The most intriguing comment about the games may have come from (South) Carolina’s athletic director, Eric Hyman. He called the matchup a “natural rivalry.” Hyman said, “We had overtures to play the game at a neutral site outside the state lines, but felt it was in the best interest of our fans and our local businesses to play a home-and-home series with one of the games right here in Columbia.” The overtures, it turns out, had come from Spurrier who suggested the game be played in Charlotte’s Bank of America Stadium, home of the National Football League’s Carolina Panthers.

This possibility of (South) Carolina and (North) Carolina playing as rivals on a neutral site is interesting, but it has a lot of problems. It is interesting because the schools do have a history playing each other; they have done so 54 times in football, most of which were when they played in the same conference (the Southern Conference 1922-1952, then the Atlantic Coast Conference 1953-1971). They also have a bit of mutual dislike, not the least of which coming from who rightfully owns the term “Carolina.” Spurrier’s 3-0 record against (North) Carolina as the head coach of the Heels’ most hated rival, Duke, also do not sit well with the powder blue faithful. (North) Carolina fans have not forgotten Spurrier running the score up to 41-0 in their last meeting. The schools are also nice foils of each other: city campus v. town campus, new buildings v. old buildings, conservative reputation v. liberal reputation. But there are some logistical problems to starting, or restarting, a rivalry.

The most prominent issue is the fact that (South) Carolina’s team is far superior to (North) Carolina’s at this point in time. Why should Gamecock fans want to be in a rivalry with a team that will struggle to get a bowl bid? This could be cured by an upset this Saturday or the two teams evening in strength by their second meeting in 2010, but neither is a solution at this point in time.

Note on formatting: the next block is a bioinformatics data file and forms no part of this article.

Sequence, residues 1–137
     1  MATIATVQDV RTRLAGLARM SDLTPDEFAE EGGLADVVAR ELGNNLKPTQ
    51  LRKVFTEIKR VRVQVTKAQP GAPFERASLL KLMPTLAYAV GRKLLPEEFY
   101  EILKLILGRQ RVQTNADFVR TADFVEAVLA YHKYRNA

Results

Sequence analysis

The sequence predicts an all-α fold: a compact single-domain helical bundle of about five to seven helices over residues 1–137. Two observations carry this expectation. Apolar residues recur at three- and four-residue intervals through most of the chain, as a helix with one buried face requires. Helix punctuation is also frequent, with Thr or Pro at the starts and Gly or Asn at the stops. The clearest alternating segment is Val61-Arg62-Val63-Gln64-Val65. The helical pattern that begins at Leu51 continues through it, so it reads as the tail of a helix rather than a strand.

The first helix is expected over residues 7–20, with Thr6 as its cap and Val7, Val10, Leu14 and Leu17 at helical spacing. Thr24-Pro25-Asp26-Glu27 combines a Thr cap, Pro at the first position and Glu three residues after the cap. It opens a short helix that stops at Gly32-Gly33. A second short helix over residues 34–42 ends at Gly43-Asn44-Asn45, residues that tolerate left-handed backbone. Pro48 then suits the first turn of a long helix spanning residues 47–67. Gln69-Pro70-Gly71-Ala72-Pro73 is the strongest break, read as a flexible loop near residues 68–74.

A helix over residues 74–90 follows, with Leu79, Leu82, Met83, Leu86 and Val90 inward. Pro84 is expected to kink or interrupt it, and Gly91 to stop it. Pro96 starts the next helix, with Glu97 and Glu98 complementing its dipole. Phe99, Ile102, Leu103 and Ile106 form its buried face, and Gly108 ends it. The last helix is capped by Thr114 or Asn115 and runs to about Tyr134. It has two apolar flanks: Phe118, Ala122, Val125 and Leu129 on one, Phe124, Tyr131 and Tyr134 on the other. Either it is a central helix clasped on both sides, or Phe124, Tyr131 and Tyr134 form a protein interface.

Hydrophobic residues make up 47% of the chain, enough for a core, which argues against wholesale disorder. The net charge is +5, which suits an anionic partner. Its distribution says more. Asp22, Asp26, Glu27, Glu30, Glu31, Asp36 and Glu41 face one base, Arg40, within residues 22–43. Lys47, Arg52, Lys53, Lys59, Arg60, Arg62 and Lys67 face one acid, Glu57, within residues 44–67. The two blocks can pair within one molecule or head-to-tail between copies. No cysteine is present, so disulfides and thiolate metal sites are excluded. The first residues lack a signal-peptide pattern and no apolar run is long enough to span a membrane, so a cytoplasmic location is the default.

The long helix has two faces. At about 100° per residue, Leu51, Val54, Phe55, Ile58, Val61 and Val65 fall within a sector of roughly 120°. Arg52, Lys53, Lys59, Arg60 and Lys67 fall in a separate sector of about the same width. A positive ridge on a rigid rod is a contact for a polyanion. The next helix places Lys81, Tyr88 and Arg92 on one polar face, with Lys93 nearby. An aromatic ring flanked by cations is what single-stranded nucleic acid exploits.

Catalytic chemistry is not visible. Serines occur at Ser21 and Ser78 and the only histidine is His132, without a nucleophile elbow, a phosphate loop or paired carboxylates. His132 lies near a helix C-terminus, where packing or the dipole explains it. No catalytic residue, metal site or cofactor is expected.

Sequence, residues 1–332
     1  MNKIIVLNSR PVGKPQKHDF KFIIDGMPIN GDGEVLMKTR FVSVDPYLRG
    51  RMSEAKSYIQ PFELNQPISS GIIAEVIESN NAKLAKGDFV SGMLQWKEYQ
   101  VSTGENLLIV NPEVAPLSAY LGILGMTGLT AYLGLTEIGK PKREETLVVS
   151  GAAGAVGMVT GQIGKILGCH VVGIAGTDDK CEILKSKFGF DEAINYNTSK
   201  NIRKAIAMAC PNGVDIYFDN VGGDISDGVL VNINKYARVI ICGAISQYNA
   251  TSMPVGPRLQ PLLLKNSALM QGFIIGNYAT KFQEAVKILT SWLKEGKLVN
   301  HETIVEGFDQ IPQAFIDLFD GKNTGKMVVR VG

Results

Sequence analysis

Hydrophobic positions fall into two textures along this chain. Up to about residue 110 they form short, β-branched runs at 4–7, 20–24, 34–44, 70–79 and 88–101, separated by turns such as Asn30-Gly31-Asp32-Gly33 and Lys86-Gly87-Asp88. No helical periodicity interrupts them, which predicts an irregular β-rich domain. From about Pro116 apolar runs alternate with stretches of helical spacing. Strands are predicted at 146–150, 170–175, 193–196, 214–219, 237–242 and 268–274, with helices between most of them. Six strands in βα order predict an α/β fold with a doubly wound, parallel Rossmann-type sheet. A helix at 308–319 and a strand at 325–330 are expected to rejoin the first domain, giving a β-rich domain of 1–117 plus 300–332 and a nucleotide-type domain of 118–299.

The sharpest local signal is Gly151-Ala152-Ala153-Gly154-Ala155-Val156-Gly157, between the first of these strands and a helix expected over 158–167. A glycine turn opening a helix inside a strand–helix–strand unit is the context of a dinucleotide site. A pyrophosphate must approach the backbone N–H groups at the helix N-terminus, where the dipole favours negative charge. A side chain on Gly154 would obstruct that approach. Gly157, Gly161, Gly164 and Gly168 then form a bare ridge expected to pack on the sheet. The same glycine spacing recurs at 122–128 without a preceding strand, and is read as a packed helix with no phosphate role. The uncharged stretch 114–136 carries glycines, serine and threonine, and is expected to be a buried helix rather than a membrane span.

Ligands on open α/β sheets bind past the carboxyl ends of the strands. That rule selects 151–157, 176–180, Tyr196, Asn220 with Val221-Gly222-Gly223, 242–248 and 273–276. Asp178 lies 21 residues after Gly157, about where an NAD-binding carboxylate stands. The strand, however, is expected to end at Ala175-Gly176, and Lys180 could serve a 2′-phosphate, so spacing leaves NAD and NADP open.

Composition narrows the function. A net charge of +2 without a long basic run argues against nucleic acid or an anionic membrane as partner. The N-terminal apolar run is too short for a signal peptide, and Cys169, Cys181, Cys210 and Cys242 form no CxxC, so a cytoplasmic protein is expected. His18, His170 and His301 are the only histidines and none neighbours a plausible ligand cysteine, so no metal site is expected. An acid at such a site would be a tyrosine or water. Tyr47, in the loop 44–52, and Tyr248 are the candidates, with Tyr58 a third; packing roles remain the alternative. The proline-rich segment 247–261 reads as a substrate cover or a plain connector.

Maybe the biggest hurdle to clear though will be the discrepancy in (North) Carolina and (South) Carolina fans’ passion for their teams. (South) Carolina’s Williams-Brice Stadium’s average attendance during the Gamecocks 0-11 1999 season was 78,273. (North) Carolina’s Kenan Stadium has a capacity of 60,000 according to its athletics website, yet the only game sold out there more than a few days ahead of time this season was, you guessed it, (South) Carolina. Rivalries work best when both schools’ teams are good and both teams’ fans are passionate. A potential USC-UNC rivalry has neither.

For now, (South) Carolina fans will be happen to stick with Clemson as its sole rival. But if (North) Carolina can get its fans excited about football, improve the team by 2010 or pull off what would be a stunning upset this Saturday, a rivalry could be born. Hyman did say that the door was open to playing more games between the schools after the 2010 meeting, saying “I think it could end up being a healthy rivalry.” He also added that he thinks games between the two would between the two “will be received well in the real Carolina family.” One must ask which “real Carolina family” he was referring to though?

Week 1 tailgating

Tailgating before USC vs. Lousiana LafayetteTailgating before USC vs. Lousiana Lafayette (2)

(North) Carolina students were greeted with an informational email last Monday informing them that they would have to register for tickets for the Tar Heels game against (South) Carolina in the online lottery at TarHeelBlue.com. UNC students have till tomorrow to register.  This is only the third time students have had to enter an online lottery for football tickets. The system was first debuted for (North) Carolina’s game against Virginia Tech last season. It was again put into action when NC State came to Chapel Hill . Both of these were said by UNC’s student-run Carolina Athletic Association to be test runs of the online distribution system in preparation for basketball season.  The (South) Carolina distribution may be linked to the fact that it is the only UNC game to sell out more than a month in advance, as all tickets to the game were bought up by the end of August.  The Real Carolina will keep you up to speed when more information about the reason for the distribution is available.